Jude 1:22
And of some have compassion, making a difference:
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(22, 23) Exhortation to treat these libertines with discrimination, making three classes.

(22) And of some have compassion, making a difference.—The evidence is very strong in favour of a widely different reading: And some indeed convict (Jude 1:15) when they are in doubt (Matthew 21:21; Acts 10:20; Acts 11:12; Romans 4:20; Romans 14:23; James 1:6); or, when they contend with you (Jude 1:9; Acts 11:2); or, when they separate from you. The first seems best, though the second also makes excellent sense, and has Jude 1:9 in its favour. This, then, is the first and least hopeless class—those who are still in doubt, though inclined the wrong way. They may still be remonstrated with, convicted of error, and reclaimed (Matthew 18:15; Titus 1:13; James 5:20). Some would make this first class the worst and most hopeless—those who are to be argued down in disputation, but without much chance of success. Such interpreters make the third class the best: those who can probably be saved by gentle means. The Greek here is so ambiguous that we cannot be certain of the meaning. But the addition of “in fear” and “hating even the garment spotted by the flesh” to the directions respecting the third class, seems to indicate that that class is the worst.

(23) And others save with fear.—“With fear” must certainly be omitted, as no part of the true text. “Save” should perhaps be try to save. It is the present imperative, not the aorist.

Pulling them out of the fire.—Better, snatching them out of the fire. We have here another reminiscence of Zechariah 3:1-3 : we had one in Jude 1:9. (Comp. Amos 4:11.) The fire of the judgment to come is probably not meant; rather the imminent danger (as of one who is asleep in a burning house) in which the fire of their sins keeps them. This is the second class: those who can still be rescued, but by strong measures.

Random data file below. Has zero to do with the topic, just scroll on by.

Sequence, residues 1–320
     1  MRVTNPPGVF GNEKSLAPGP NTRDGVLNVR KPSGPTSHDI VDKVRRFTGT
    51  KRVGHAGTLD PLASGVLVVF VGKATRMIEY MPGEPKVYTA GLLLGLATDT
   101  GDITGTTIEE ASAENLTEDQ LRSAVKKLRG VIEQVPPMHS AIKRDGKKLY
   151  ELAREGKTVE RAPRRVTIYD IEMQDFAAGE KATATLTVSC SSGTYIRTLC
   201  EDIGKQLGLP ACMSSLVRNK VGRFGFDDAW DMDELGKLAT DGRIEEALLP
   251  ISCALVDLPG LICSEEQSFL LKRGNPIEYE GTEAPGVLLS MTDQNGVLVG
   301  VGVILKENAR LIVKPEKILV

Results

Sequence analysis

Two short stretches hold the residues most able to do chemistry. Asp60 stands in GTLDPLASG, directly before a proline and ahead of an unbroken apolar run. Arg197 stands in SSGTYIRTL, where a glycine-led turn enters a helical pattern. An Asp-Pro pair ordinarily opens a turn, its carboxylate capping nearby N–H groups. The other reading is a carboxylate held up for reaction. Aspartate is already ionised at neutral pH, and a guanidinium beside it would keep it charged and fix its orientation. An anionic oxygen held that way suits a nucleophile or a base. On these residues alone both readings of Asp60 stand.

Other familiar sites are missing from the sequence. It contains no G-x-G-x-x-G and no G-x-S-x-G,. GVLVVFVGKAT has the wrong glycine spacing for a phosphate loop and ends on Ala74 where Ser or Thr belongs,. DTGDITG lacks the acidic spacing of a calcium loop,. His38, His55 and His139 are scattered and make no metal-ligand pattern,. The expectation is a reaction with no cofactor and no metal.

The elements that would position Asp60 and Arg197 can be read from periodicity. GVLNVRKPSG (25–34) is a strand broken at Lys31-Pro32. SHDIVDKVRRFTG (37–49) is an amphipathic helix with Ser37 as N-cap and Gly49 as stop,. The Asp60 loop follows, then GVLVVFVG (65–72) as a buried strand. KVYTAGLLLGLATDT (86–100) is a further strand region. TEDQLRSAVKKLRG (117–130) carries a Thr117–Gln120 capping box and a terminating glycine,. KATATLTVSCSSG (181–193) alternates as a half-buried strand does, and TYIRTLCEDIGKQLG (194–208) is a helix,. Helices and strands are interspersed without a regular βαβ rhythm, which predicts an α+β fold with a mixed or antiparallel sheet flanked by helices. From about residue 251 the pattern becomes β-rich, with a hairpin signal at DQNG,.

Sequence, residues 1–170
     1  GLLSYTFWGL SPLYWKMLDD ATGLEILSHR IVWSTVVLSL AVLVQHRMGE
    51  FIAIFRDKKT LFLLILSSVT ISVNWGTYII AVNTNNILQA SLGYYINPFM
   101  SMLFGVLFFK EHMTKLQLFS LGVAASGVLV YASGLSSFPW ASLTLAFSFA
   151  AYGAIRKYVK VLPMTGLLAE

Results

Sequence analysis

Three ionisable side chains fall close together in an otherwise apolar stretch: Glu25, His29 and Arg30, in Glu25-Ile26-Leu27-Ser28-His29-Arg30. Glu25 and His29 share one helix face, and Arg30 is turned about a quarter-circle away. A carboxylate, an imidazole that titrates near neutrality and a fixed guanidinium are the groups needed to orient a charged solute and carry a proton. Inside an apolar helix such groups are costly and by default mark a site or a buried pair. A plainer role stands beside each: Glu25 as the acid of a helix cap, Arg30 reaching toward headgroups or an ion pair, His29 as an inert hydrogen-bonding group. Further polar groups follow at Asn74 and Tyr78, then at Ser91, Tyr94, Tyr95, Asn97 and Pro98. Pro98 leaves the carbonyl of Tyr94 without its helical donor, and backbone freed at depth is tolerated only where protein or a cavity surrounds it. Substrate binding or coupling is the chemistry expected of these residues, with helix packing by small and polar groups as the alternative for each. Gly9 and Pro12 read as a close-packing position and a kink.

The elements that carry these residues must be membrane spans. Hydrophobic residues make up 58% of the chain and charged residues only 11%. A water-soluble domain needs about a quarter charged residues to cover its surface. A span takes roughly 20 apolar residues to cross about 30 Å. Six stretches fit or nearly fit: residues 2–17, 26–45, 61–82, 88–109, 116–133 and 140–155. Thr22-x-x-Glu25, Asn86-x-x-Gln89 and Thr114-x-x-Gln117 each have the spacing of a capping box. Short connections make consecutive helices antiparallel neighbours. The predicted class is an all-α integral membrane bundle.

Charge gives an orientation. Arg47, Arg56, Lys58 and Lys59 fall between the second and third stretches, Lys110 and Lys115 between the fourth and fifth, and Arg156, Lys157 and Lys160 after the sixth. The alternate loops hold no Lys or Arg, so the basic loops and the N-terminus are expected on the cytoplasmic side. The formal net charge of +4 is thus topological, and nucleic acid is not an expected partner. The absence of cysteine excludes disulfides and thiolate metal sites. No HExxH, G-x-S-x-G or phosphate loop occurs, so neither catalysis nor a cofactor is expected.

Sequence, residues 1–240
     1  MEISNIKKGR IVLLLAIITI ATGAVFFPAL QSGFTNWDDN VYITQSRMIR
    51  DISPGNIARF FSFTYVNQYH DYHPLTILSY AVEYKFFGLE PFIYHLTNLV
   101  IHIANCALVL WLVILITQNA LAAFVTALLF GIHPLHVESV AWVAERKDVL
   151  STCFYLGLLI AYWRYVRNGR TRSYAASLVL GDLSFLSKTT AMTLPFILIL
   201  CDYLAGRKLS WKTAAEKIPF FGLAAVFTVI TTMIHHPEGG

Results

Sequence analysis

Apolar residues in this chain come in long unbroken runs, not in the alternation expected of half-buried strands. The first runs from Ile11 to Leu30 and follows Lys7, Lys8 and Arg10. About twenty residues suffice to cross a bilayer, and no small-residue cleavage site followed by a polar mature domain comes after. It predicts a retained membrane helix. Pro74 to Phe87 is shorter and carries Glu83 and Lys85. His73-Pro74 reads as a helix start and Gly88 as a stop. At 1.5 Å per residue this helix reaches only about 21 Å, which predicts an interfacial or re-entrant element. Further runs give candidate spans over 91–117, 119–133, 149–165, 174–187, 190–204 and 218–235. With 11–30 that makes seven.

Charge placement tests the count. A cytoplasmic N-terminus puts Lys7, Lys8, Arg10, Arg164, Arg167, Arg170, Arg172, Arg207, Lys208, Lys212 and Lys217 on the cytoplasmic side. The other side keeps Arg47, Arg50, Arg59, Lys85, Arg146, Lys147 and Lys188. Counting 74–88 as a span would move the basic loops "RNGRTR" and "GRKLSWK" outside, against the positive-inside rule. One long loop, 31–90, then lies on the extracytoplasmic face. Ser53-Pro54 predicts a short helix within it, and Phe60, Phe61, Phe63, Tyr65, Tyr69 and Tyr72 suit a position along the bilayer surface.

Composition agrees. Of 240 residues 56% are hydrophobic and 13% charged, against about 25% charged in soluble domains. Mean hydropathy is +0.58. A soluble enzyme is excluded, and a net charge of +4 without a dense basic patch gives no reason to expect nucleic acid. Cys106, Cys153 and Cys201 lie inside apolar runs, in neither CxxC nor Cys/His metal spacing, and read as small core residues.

After the words “out of the fire” we must insert another clause omitted from the inferior Greek texts used by our translators: “and on others have compassion in fear.” Wiclif and the Rhemish version, following the Vulgate, have this clause. This is the third and worst class: those on whom profound pity is all that we dare bestow, and that in fear and trembling, lest by contact with them we may be brought within the influence of the deadly contamination that clings to all their surroundings. Abhorrence must be shown to the very externals of pollution. (Comp. 1Corinthians 5:11; 1Timothy 5:22; Titus 3:10-11; 1John 5:16; 2John 1:10-11.)

Jude 1:22-23. And of some — Who are perverted by these seducers, erring only through infirmity, and in lesser points; have compassion — Treat with lenity, and endeavour to reclaim, in a mild and gentle way, by the winning method of persuasion; making a difference — Between them and others that are more guilty and stubborn. And others — Who sin presumptuously and openly; save with fear — Endeavour to rouse their fears, setting before them a future judgment and its awful consequences in all their terrors. And if they continue unmoved, use the censures of the church as the last remedy. Or, as some think, he may mean with a jealous fear for yourselves, lest you should be infected with the disease you endeavour to cure; pulling them out of the fire — Of temptation, sin, and divine wrath, into which they are fallen, or are just ready to fall. As if he had said, And if you desire that your efforts in either of these cases should be successful, you must take great care to preserve your own purity; and while you love the sinners, to retain the utmost abhorrence of their sins, and of every the least degree of approach to them; hating even the garment spotted by the flesh — Lest by the touch of it you yourselves should be polluted. This clause, which is a caution addressed to “those who snatch others out of the fire, implies that in doing them that compassionate office, they are to avoid all familiarity with them, even as they would avoid touching a garment spotted by the flesh of one who had died of the plague, lest they should be infected by their vicious conversation.”